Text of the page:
LONDON(Reuters) - Sterling sank against the dollar and euro on Thursday, falling more than 1% against both after the Bank of England increased its bond-buying programme by 100 billion pounds ($125 billion) to bolster the coronavirus-hit economy.
The central bank, which also kept its benchmark interest rate at 0.1%, said it expected a new total of 745 billion pounds in government bond purchases to be hit by the end of the year.
Prior to the decision, sterling was trading as much as 0.5% lower against both the dollar and the euro. It briefly jumped against both after the central bank’s decision but soon slid back towards the day’s lows.
By 1531 GMT the pound was 0.98% down against the dollar at $1.2433, having touched a low of $1.2403 earlier. It was last 0.8% down against the euro at 90.26 pence.
Analysts said a planned slowing in the pace of the Bank’s asset purchases amounted to a slightly hawkish stance, which explained the brief spike in sterling after the decision.
“It was on the hawkish end of the spectrum for what the BoE could have done today. The pace at which the BoE’s asset purchases will take place over the coming months will materially slow - meaning that there will be less marginal QE support,” said Viraj Patel, FX and global macro strategist at Arkera.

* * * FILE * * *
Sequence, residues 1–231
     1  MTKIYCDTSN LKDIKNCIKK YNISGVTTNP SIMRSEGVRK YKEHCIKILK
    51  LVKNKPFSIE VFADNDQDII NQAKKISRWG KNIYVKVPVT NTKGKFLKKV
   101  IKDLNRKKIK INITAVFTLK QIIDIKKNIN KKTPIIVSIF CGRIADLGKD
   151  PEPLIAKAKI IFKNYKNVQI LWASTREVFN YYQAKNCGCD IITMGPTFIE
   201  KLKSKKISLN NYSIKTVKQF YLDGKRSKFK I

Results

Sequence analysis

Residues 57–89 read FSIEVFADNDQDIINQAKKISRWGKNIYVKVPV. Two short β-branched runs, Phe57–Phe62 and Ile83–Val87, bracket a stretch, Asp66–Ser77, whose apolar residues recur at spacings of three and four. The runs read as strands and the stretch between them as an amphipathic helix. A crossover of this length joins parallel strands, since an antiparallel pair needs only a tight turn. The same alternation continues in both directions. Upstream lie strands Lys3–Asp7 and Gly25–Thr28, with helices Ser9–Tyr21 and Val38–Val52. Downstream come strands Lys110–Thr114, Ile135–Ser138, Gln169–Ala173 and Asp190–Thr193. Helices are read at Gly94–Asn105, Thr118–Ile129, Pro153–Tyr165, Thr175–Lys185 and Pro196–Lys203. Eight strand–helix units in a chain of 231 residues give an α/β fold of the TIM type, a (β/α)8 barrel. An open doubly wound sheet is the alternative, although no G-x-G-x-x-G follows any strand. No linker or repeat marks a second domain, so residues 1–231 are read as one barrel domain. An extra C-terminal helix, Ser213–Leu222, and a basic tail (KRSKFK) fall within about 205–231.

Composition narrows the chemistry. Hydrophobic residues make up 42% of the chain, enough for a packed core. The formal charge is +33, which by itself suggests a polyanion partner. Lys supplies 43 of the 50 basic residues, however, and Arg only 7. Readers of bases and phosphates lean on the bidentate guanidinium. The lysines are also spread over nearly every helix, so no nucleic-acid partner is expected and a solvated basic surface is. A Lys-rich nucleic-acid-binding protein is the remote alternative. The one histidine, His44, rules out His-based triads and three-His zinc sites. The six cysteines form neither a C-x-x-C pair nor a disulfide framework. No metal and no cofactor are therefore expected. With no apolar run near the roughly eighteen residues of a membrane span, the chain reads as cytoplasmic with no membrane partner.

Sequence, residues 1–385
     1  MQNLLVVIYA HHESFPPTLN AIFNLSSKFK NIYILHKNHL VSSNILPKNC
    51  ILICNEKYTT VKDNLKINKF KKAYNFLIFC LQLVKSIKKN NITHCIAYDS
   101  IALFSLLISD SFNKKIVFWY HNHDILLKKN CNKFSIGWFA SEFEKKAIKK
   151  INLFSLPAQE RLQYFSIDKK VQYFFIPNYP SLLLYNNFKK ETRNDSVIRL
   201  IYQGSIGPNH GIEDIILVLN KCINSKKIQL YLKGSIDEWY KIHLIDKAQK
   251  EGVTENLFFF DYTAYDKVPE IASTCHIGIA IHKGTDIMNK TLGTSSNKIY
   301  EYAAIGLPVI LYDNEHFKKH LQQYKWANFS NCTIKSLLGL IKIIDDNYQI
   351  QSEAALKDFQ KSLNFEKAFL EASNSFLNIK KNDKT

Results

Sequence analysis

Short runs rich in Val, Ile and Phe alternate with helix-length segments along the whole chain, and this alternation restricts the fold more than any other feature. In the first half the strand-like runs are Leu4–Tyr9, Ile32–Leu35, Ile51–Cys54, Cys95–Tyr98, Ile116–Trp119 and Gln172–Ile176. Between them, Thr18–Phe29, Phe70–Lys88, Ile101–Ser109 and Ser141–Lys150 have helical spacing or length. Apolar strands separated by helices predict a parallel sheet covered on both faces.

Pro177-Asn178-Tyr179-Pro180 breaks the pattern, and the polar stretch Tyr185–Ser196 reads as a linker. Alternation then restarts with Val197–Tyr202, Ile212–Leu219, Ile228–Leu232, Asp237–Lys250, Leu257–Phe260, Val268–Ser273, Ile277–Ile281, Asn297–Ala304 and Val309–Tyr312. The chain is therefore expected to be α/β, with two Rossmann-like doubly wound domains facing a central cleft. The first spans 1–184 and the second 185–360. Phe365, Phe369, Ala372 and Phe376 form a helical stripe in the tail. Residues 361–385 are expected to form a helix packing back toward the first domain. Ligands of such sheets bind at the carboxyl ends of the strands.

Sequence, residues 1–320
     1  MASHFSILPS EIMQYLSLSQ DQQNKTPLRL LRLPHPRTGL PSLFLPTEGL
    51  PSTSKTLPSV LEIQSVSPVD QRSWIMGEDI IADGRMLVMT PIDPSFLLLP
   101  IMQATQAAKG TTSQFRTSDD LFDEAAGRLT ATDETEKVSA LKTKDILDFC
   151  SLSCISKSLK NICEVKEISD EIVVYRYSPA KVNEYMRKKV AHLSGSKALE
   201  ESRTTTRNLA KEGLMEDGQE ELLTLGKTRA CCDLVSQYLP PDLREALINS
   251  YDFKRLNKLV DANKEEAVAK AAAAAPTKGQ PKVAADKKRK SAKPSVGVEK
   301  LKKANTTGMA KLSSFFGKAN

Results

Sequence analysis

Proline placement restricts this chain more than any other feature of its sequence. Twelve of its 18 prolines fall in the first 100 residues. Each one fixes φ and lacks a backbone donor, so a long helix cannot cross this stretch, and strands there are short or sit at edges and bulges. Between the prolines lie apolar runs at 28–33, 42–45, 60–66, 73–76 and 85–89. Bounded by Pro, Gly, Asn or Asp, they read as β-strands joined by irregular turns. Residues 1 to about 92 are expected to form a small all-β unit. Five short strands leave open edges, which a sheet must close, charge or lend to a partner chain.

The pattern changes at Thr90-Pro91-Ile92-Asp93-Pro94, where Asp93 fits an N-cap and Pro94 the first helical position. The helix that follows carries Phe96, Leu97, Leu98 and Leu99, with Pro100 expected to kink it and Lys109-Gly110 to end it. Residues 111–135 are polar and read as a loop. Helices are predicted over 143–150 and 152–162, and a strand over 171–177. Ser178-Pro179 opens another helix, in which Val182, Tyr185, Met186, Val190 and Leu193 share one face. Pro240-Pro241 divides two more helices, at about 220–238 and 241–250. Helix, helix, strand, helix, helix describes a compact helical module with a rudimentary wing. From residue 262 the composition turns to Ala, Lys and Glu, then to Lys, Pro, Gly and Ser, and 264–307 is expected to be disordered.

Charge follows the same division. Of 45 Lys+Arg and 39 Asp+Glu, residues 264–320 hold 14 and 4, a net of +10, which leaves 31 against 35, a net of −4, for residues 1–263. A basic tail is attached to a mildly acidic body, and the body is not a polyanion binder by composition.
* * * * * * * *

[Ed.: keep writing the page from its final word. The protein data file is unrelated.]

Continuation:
“That explains the headline-driven increase in the pound - although overall, given that the Bank can scale-up purchases as and when they like, it’s not something to get carried away with.”
While most economists polled by Reuters expected an expansion of 100 billion pounds, some analysts expected more. ING Bank and Nomura, for instance, expected an increase of 150 billion pounds.
Graphic: Gilt holdings by the BoE - here
“Uncertainty around a UK-EU trade deal should prevent markets from pricing out the possibility of negative rates in the UK,” ING strategists said in a daily note.
“We expect little progress in UK-EU trade negotiations in the weeks to come, suggesting further downside to the pound and the currency to be one of the underperformers in the G10 FX space.”
Reporting by Ritvik Carvalho; Editing by Barbara Lewis, David Goodman and Alex Richardson